Memorable movies all have memorable themes that resonate throughout the entire story. What would Casablanca be without “As Time Goes By”? Similarly, your employment case should have a theme that singularly conveys your most important message to the jury. Deposing and Examining Employment Witnesses offers helpful tips for developing a persuasive case theme and presenting that theme to the jury. For example:
Characteristics of a Strong Case Theme
A strong case theme:
1) Helps jurors organize and make coherent sense of the evidence.
2) Encourages jurors to remember the facts that fit your version of the case-story and reject those that do not.
3) Can be stated succinctly, using plain and straightforward language, so that the jury understands immediately what the case is all about.
4) Has a “hook” that grabs the jurors’ attention. One common and effective form of hook is the “trilogy” (e.g., “I came. I saw. I conquered.”). Trilogies are a dramatic and memorable means of communication. In an employment case, you might describe the plaintiff as “dedicated, hard-working, and loyal,” or as having been “discarded, dumped and destroyed“ by the employer’s actions.
How to Use Your Case Theme
1) As soon as you are retained as counsel, start thinking about possible themes and trying to incorporate those themes into pretrial discovery and motion practice.
2) Introduce your theme during voir dire, and expound upon it during opening statement. Your theme should influence witness order, and your questions on direct examination and cross-examination of witnesses. Finally, revisit the case theme and reinforce it during your closing argument.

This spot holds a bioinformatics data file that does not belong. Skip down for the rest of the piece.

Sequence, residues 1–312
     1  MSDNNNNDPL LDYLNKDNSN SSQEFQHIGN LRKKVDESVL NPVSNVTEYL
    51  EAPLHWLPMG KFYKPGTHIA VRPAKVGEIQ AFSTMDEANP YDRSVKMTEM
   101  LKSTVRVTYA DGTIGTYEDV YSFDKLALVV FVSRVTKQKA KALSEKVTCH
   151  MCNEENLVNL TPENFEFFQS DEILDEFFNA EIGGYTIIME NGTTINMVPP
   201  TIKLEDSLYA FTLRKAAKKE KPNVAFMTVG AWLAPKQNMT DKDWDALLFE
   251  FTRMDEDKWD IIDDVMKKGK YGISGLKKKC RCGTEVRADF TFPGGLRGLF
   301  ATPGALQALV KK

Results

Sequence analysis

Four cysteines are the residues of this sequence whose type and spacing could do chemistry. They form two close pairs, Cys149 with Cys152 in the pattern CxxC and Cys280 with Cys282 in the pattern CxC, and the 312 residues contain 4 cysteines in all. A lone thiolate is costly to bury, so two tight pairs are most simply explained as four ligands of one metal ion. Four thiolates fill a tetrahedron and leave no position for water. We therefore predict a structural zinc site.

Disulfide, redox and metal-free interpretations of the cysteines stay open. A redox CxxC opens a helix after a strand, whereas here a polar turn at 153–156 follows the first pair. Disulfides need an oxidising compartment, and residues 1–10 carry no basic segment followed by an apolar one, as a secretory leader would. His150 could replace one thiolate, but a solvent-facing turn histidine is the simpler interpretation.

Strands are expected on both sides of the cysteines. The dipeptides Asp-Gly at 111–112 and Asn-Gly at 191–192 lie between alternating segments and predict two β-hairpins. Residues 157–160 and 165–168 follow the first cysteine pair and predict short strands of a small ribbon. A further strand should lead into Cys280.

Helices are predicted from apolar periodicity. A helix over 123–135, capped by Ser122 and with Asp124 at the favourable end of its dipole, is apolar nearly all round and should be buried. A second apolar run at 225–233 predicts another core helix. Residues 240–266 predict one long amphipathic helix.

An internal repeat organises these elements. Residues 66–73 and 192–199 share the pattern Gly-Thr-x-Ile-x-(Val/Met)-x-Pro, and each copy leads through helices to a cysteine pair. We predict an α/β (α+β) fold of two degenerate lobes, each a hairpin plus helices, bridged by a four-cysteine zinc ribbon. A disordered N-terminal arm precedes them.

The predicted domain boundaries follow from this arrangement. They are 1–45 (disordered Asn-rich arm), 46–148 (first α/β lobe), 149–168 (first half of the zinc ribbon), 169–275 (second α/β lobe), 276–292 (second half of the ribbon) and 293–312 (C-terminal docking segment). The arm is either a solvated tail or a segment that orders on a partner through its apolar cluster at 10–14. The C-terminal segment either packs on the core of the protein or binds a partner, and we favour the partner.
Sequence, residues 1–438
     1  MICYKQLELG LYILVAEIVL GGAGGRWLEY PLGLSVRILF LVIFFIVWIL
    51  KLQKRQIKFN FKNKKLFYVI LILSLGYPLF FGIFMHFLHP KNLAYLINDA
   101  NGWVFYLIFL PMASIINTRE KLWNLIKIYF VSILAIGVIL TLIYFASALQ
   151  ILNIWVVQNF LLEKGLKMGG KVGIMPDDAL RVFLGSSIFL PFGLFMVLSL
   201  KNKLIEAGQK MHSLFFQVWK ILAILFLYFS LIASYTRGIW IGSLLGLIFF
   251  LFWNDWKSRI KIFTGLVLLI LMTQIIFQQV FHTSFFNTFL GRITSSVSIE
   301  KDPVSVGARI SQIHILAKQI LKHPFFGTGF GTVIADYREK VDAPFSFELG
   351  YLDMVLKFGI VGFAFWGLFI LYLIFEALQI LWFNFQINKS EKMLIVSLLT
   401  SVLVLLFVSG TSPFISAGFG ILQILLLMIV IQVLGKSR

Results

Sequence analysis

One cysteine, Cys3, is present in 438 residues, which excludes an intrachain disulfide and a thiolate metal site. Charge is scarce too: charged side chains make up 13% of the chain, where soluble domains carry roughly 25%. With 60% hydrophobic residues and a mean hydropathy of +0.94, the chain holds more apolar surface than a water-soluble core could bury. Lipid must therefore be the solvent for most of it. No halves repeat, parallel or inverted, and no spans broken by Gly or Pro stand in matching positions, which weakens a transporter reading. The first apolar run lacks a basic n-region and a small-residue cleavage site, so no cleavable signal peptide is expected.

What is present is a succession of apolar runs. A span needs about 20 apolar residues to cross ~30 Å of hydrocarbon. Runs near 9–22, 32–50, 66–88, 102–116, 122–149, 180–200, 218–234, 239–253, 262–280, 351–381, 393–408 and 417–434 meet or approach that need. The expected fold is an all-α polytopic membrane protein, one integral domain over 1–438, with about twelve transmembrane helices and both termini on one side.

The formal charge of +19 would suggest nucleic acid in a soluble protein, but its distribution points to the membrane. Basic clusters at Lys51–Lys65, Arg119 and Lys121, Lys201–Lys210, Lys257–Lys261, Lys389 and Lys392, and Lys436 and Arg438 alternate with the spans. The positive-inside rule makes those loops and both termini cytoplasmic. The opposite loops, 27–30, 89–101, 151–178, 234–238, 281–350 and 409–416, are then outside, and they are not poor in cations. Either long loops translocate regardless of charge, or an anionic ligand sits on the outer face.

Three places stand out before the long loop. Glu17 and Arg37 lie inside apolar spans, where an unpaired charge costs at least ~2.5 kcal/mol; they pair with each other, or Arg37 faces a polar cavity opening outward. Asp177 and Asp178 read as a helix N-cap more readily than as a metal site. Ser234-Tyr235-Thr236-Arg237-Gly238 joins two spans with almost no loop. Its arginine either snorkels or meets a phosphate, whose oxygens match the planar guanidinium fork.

Samples of Persuasive Themes in Employment Cases
In an age discrimination case: This case is about the firing of a hard-working employee because of his age. It is about the unexpected and sudden end of a man’s career at the young age of 55. It is about how a greedy corporation discarded, dumped and destroyed a valued and loyal employee who helped it make profits. For more than 15 years, John Doe worked for XYZ Corporation, and he did his job very well. He received commendations, raises, promotions and stock options, and he would still be working for XYZ today if he were 25 years younger. How do we know that? Because one month after he was fired, he was replaced one month by a 30-year-old.
In a whistleblower case: This case is about John Smith, who was fired because the defendants believed they were above the law. Mr. Smith’s job was to make sure ABC obeyed the federal antitrust laws. He courageously dared to protest potential violations of those laws that the defendants conspired to conceal. His protests fell on deaf ears, and his reward was retaliation, retribution and ruin. The issue you will have to decide is whether John Smith was fired because of his protests. In other words: was John Smith fired for doing his job?
In a breach of contract case: This case involves broken promises. John Smith was wrongfully fired by his employer, who broke written promises of fair treatment to its employees. ABC promised that fair treatment, but had no intention of keeping that promise to John Smith.
Tod F. Schleier is a partner in the law firm of Schleier Law Offices, P.C. in Phoenix, Arizona. Mr. Schleier graduated from Brown University, magna cum laude, Phi Beta Kappa and with honors in 1973, with a B.A. in Political Science and Religion. He graduated from Arizona State University Law School in 1976 and was a member of the Arizona State University Law Journal. Mr. Schleier has practiced as a plaintiff’s employment lawyer for thirty-five years and has litigated virtually every type of employment case, against private employers and public entities, in state and federal court.